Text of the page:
Wednesday 30 September 2020

Does The World Follow The Fortunes Of Charlton?


We’re not far short of a week into the Thomas Sandgaard era and no indication yet of anything to rock the boat off the pitch, although on it the outcome at Lincoln wasn’t exactly what we had in mind – and even what I might have bet on until close to half-time. Yes, the result was infinitely less important than the ownership change, but nevertheless. Had hoped for a real spring in the players' steps, to reflect the enthusiasm of the interview with Sandgaard and Lee Bowyer. We sort of had it for the first half but Lincoln did a job on us in the second, having been gifted the lead, getting bodies behind the ball.

The lessons I’d take from the game were that first, it underlined that the loss of both Pearce and Aneka has really hurt us. We started the game with two debutants and introduced a third, with Amos and Barker still feeling their way in too. Hardly surprising that we are not as yet a cohesive operational unit aware of its strengths and how to play to them. I thought Oztumer took his rare opportunity well, he made things happen and when he and Levitt were pulling the strings in the first half we were looking pretty good. As they faded and were replaced we lost tempo I thought. Williams has different strengths and relies on some space to run with the ball. Against Lincoln that just meant coming up against a brick wall. And to be fair we’d run out of steam well before their late second goal (whatever happened to putting someone on the line?).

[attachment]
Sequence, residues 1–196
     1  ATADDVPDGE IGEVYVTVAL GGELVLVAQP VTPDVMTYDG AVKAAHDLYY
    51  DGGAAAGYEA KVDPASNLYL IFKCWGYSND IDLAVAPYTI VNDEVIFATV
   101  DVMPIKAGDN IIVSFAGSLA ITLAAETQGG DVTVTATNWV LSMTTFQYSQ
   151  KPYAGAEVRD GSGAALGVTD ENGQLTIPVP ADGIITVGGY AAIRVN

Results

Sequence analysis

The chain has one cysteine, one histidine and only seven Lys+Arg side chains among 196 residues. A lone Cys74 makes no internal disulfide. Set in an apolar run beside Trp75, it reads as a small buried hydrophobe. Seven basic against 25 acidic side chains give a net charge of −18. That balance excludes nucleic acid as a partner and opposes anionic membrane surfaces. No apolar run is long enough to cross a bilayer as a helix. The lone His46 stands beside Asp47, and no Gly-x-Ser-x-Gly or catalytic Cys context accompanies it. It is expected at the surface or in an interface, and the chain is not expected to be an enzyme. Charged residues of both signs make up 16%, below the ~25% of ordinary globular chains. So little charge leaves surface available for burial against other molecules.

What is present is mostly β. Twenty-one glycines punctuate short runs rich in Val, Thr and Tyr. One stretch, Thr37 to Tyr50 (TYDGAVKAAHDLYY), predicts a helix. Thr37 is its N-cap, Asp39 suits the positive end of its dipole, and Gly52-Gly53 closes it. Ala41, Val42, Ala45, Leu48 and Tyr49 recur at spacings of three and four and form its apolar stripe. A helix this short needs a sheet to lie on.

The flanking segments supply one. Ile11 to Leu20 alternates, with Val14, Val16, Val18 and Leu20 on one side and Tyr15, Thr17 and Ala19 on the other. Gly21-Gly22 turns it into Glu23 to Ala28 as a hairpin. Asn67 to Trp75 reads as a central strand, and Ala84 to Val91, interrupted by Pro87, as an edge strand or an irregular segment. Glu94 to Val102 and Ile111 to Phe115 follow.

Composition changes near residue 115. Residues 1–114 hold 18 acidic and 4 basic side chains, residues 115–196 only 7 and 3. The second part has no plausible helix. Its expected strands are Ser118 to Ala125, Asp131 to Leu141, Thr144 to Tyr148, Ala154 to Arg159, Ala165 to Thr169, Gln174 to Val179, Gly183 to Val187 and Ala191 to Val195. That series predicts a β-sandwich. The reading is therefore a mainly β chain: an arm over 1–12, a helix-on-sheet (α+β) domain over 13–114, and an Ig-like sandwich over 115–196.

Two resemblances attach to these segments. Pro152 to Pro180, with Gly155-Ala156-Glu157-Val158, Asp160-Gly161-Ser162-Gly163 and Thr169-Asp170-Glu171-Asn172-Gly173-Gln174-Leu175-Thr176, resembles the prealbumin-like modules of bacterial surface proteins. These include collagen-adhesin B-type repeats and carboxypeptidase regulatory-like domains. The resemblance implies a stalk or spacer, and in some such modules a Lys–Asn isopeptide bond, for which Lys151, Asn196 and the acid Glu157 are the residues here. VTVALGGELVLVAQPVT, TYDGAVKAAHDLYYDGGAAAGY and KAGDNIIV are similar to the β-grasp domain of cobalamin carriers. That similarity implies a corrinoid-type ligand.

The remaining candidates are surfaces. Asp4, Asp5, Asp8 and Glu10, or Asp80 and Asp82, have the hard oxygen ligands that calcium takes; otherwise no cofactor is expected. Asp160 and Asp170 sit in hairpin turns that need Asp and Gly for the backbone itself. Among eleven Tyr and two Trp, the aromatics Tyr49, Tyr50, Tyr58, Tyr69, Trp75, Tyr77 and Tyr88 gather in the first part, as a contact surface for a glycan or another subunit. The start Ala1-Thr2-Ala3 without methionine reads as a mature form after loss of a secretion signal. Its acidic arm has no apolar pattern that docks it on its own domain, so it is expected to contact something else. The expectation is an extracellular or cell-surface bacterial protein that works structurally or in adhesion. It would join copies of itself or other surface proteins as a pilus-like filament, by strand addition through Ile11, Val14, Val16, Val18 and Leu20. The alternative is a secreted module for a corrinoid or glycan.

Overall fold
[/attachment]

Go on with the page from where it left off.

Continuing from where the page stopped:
Perhaps the players are as mentally tired as the fans. It has felt very strange this week not having to contemplate what the next twist and turn might be (please let there be none), not to think about protests and how to register our dissatisfaction, not to have to follow the transcript of the latest court hearing. It doesn’t help of course that we can’t really meet up with fellow Addicks and raise an extended toast to our new owner before a lengthy ruby to round things off. Strange times indeed.